Press "Enter" to skip to content

Posts tagged as “Idaho”

Fire lingo

From a report by the Idaho Department of Lands, written by information officer Sharla Arledge, explaining some of the terminology used in wildfire reports.

As a new PIO to the fire world I know there is a lot of terminology the average person isn’t familiar with. With this severe fire season we are talking a lot about Incident Management Teams. The question has come up, what is the difference between Type 1 and Type 2 fire teams.

I thought it might be helpful to have an explanation of Incident Management Teams.

What is an Incident Management Team?

An incident management team is a small group of people fire management professionals specially trained and experienced in managing complex emergency fire situations. It is a tool to help fire protection agency manage fire situations that exceed their resources.

An incident management team is supervised by an Incident Commander that oversees specialists with expertise in operations, logistics, plans and finance and administration. Type 1 or 2 teams are commonly comprised of qualified individuals from various state and federal agencies. Type 3 teams are usually composed of individuals from other units within the protection agencies and from units of other agencies in the local area.

Teams are classified as Type 1, 2 or 3 based on the complexity of fires they are qualified to manage. A couple of differences between a Type 1 and Type 2 team is the complexity of the fire and the number of personnel. Type 1 teams handle the most complex fires and operation personnel often exceed 500 people and total people on the incident usually exceed 1,000.

When is a team needed?

An incident management team is assigned to relieve a wildfire agency that no longer has the resources to effectively manage the local fire situation. Examples would be:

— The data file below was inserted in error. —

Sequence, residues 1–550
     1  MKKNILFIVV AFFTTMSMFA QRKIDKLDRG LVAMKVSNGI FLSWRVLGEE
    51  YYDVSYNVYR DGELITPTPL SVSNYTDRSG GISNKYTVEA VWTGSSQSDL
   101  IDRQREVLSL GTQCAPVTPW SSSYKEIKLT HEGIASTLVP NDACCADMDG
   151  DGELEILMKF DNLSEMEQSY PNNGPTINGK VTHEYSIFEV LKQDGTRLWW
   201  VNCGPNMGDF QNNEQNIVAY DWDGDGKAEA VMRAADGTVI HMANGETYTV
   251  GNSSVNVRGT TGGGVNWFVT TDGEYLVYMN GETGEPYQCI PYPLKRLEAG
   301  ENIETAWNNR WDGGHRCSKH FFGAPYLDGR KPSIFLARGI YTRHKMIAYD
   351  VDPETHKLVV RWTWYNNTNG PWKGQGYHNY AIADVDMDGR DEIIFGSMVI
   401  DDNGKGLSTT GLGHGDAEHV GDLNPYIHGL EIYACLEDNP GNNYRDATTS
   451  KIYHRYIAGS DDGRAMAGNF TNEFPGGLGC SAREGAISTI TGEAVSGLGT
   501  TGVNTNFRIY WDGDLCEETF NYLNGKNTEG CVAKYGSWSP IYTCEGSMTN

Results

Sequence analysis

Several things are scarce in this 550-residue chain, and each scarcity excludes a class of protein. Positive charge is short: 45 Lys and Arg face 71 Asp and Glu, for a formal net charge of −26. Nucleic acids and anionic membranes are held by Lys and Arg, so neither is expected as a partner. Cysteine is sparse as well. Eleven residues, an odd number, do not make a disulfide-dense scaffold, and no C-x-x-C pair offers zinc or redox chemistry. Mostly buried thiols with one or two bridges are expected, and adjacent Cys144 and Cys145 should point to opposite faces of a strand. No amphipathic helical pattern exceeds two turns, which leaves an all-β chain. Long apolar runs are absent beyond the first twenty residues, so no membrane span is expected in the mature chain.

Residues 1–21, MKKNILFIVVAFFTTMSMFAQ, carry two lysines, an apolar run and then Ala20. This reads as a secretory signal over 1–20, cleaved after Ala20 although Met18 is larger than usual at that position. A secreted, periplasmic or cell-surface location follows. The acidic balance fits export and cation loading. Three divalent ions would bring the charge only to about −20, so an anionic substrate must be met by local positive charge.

· When a single large fire reaches a level of complexity that exceeds the experience or resources of the unit(s) fighting the fire.

· When a large number of fires start in a short period of time causing an excessive initial attack workload.

The protection agency requests the assignment of a team. The requests are driven not only by the fire situation and resource availability, but also what weather and burning conditions are expected in the future.

When a team is activated and assembles on scene it is fully briefed on the fire situation and the risks and suppression objectives by the protection agency. After the briefing the team assumes management responsibility for the fire(s). This allows the local protection agency to replenish its resources and focus them on the initial attack responsibilities elsewhere.

The team operates under the direction of an employee of the agency on whose protection the fire occurs. This employee is called the Line Officer. The Line Officer ensures the team manages the fire in an economical manner with safety for the public and fire personnel always being the first priority.

The cost of suppression increases substantially anytime a team is assigned, especially a Type 1 or 2 team. This is because of the large amount of equipment and supplies needed to support the personnel and resources assigned to a large fire.